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The village of Transfer originated in the differences of railroad gauge. It will be remembered that in the earlier days of railroad building, the width of the tracks was not standard. Some tracks were “broad gauge" and some were “narrow gauge.” The varying gauges of course made it impossible for the cars of a narrow-gauge line to run over a broad-gauge track, and vice versa. Instead of switching cars from one railroad to another, as is now the common practice, it was necessary at junction points to transfer the freight from one line to another.

Thus Transfer station was originally a name with a real significance. Where the Erie Railroad and the Erie and Pittsburg meet, a transfer station was established, and formerly this was a busy place. A postoffice was established there in January, 1866, with James D. Morris as postmaster. Since the early years of this village the Frampton family have been identified with its business and other affairs, several of the first members of the Regular Baptist church of Transfer being of this family.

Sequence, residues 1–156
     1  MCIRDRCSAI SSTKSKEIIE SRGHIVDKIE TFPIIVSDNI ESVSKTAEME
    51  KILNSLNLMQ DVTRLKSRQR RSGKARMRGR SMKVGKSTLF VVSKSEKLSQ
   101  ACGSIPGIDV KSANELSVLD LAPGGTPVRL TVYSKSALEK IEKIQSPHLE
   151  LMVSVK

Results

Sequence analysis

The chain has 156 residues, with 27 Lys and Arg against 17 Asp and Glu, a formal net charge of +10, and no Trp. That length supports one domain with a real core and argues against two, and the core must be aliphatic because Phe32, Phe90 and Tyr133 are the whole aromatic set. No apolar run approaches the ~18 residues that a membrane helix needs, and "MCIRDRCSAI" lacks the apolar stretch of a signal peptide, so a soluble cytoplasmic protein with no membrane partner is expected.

Twentieth Century History of Mercer County, 1909, page 170





Transfer is located on the Erie & Pittsburgh and the N. Y. P. & 0. (Erie) Railroads, near, the point where the latter line deflects to the west. It is a point of considerable business activity. It has two churches, the Presbyterian and the Baptist. 

History of Mercer County, 1888, page 576



located in Pymatuning Township

What the History of Mercer County 1877 says about Transfer


Postmasters - Transfer Post Office 

If you're looking for your ancestors in Transfer, try the Census for Pymatuning Twp 1850  1870

         Transfer Cemetery

Presbyterian Church


Transfer Regular Baptist Church


Landowners in and near Transfer

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